New Hampton FFA growing greenhouse program
By Jean Caspers-Simmet
Date Modified: 05/21/2012 2:01 PM
NEW HAMPTON, Iowa — Things are growing in the greenhouse at New Hampton High School.
Last year, New Hampton FFA proposed building a seasonal high tunnel greenhouse and a year-round greenhouse for education and to raise food.
A year later both greenhouses are up. One is teaming with plants and the other will soon be producing vegetables for the community and the school.
About $65,000 in cash and in-kind donations have been collected with $12,000 left to raise. Support has come from many individuals, businesses, the school, the FFA and FFA almuni, and nonprofit organizations.
A Plant Extravaganza fundraiser is scheduled May 1.
Sophomore Elisa Russ said that FFA members like herself can use the greenhouse for their Supervised Agricultural Experience, which can lead to Iowa or American FFA degrees.
Because the high tunnel will produce vegetables before school is back in session, New Hampton FFA will have a booth at the farmers' market this summer.
Junior Brandon Diesburg is among the FFA members who helped build the high tunnel.
The community is excited about the greenhouses. People often ask sophomore Emily Hammel what they're growing.
"You can tell by the level of donations we received that the community really supports this," Elisa Russ said.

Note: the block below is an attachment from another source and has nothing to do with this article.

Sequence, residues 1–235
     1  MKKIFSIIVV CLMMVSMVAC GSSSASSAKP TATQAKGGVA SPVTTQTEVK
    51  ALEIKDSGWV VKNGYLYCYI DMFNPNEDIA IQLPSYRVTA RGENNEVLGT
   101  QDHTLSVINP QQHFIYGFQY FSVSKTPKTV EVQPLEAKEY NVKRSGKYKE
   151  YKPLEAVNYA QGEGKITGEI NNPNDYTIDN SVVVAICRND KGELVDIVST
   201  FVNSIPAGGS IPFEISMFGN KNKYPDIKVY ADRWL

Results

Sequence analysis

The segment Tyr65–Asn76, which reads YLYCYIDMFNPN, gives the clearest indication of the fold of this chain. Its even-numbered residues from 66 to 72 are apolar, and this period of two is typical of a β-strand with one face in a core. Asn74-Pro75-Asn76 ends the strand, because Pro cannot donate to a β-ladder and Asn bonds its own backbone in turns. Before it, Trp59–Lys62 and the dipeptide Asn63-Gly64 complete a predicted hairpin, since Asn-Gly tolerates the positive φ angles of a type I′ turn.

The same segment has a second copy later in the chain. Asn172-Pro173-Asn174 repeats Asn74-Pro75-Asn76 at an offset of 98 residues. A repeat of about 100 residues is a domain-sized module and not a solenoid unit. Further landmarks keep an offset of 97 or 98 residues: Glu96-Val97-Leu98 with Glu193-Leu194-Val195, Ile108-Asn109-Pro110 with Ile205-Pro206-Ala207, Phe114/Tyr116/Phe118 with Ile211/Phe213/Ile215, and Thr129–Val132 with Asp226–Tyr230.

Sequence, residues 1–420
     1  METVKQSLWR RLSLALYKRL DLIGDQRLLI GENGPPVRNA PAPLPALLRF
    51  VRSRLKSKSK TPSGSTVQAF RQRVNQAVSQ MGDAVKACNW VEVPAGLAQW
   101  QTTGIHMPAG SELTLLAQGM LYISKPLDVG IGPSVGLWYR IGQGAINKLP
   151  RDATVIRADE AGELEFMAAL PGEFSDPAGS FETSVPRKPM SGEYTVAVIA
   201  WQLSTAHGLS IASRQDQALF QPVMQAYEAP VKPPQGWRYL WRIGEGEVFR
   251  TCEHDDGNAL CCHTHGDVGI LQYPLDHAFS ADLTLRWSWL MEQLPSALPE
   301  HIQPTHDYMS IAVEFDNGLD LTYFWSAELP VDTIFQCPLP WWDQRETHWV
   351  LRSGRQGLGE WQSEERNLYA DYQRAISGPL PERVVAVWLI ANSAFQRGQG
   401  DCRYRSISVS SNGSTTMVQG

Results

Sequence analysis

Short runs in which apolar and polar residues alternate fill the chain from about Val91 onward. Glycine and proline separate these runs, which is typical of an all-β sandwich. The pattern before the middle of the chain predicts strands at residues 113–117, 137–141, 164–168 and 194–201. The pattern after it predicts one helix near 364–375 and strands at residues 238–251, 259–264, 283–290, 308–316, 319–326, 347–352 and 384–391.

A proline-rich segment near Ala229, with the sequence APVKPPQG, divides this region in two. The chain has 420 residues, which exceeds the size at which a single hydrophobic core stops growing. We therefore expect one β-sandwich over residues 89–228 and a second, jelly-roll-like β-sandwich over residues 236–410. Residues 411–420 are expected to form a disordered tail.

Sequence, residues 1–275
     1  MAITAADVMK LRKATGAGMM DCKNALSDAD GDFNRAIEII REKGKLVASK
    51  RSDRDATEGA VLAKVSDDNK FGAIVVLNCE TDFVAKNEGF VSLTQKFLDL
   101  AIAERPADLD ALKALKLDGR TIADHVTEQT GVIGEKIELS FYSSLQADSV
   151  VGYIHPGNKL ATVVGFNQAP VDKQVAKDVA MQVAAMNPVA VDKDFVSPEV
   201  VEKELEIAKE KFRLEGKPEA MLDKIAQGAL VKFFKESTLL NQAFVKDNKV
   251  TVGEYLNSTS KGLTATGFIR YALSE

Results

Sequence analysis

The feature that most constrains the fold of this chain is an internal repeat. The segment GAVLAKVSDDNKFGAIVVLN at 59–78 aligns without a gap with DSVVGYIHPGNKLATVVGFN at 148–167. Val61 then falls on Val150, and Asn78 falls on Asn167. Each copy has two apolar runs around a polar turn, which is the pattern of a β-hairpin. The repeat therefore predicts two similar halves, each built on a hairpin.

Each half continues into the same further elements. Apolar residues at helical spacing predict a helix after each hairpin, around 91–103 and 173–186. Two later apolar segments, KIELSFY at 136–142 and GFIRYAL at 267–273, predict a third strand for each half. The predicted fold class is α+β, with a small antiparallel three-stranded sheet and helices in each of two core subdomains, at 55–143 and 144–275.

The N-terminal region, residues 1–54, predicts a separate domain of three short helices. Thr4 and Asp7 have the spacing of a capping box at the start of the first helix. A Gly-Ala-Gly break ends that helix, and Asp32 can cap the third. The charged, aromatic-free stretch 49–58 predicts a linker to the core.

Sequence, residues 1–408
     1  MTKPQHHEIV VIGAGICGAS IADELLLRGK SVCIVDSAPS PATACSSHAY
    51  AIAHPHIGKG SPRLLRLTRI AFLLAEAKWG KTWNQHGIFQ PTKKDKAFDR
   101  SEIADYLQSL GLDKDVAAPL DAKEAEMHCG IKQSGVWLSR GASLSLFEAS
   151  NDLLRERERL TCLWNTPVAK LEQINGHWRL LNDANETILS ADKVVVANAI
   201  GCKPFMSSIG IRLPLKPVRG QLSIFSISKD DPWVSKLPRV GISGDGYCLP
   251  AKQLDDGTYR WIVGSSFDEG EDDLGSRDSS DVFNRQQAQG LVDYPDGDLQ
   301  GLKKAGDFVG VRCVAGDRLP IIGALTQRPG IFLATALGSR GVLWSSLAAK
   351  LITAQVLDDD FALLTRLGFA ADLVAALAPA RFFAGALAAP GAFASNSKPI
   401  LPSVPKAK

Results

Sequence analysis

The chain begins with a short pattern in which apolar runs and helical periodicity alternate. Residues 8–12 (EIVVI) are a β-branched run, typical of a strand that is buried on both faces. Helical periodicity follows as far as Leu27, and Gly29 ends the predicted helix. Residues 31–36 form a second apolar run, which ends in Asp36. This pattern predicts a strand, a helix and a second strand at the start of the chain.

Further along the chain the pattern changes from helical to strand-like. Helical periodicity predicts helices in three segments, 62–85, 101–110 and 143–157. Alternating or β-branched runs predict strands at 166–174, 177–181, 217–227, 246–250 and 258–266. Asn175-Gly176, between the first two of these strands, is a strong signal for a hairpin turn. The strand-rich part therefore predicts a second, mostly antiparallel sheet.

Elisa Russ and Hammel belong to their school's Food and Fitness Chapter. One goal is to serve more local food for school lunch.
The high school agriculture students taught fifth and sixth grade students at St. Joseph's School how to take soil samples.
Agriculture instructor and FFA advisor Jim Russ said the chapter is working with grants — "Plant a Seed" from Pioneer Hi-Bred; "Food for All from Farmers Feeding the World" and the Howard G. Buffett Foundation; and "Helping Communities Grow through the Nutrients for Life Foundation."
Helping Communities Grow aims to make students more aware that gardens have nutrient needs. The FFA chapter has funds to soil test 40 to 50 gardens in the community. Once test results come back, FFA members explain the analysis. If additional nutrients are needed, the chapter offers three fertilizer spreaders.
Helping Communities Grow is a competition between 30 Iowa FFA chapters, which each received $500. New Hampton is among the top three chapters and is competing for prizes ranging from $1,000 to $5,000.
New Hampton FFA is raising and donating 50 pepper and 50 tomato plants to the food pantry, which will give the plants to its patrons. The chapter is also donating some vegetables it raises hydroponically during the winter to the pantry.
"It's one step to making people more self-sustainable," Jim Russ said.